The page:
i-nigma: The email was parsed correctly and functional, but unfortunately none of the Japanese characters came out correct.

ScanLife: ScanLife mistook the Japanese QR as a Mainland China QR (CMCC = China Mobile Communications Corporation) and closed itself after 2 warning beeps. Oh well, at least it proves that ScanBuy is indeed targeting the Chinese market.

Sunday, September 2, 2007

QR Code Billboard In Taipei

Pictures of QR Codes being displayed on big billboards are easy to stumble upon when one tries to research the subject, but they usually take place in Japan. Thanks to my colleague Yuki, the word is that a QR Code billboard has been spotted in Taipei.

The QR Code contains a URL and it looks like the purpose of this advertisement is to sell more advertisement, which will be placed on the packaging of free tissue papers given out in parking lots. The format of the QR Code content doesn't adhere to the standards suggested by Taiwan's Open Mobile Internet Alliance though. If you like to see the actual billboard in person, scan the QuickMark barcode for location information on how to get there.

Since the person who made this QR Code probably wasn't aware of the content format issues regarding barcode generation, I thought I'd do a simple test to see how some of the popular mobile barcode readers perform under this kind of situation.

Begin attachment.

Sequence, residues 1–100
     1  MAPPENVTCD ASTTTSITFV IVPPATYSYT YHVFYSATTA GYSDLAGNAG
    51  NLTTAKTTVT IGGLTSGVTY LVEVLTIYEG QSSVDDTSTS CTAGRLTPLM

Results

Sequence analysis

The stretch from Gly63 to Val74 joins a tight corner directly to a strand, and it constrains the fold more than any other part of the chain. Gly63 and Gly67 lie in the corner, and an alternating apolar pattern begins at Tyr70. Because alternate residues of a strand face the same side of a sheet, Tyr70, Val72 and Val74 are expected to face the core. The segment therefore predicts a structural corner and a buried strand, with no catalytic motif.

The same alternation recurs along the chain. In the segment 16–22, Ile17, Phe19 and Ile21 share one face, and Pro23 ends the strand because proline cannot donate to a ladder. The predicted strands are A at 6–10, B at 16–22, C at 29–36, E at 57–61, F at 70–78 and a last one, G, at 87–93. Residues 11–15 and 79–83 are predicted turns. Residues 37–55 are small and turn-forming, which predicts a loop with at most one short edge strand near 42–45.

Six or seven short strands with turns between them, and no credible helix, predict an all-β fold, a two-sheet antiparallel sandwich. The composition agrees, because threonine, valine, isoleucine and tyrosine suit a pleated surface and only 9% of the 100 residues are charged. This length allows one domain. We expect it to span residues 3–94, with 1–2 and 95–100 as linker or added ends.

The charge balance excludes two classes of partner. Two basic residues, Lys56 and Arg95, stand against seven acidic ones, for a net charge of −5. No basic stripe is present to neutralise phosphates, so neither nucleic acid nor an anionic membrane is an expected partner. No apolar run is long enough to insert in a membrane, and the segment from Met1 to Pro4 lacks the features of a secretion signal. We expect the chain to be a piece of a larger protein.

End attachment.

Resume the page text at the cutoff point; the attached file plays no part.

QuickMark recognized the QR as simple text, but allows one to pull up Notes and access the URL link, add to bookmarks, add to contacts, or perform other functions from there.

Kaywa is the other reader that allows the user to browse the URL as the author of the barcode had intended. Both i-nigma and ScanLife were only able to decode the QR as regular text strings and provide no further functionality. So it looks like although Kaywa and i-nigma both use 3GVision's engine, they each have their own parser and handle the decoded data differently.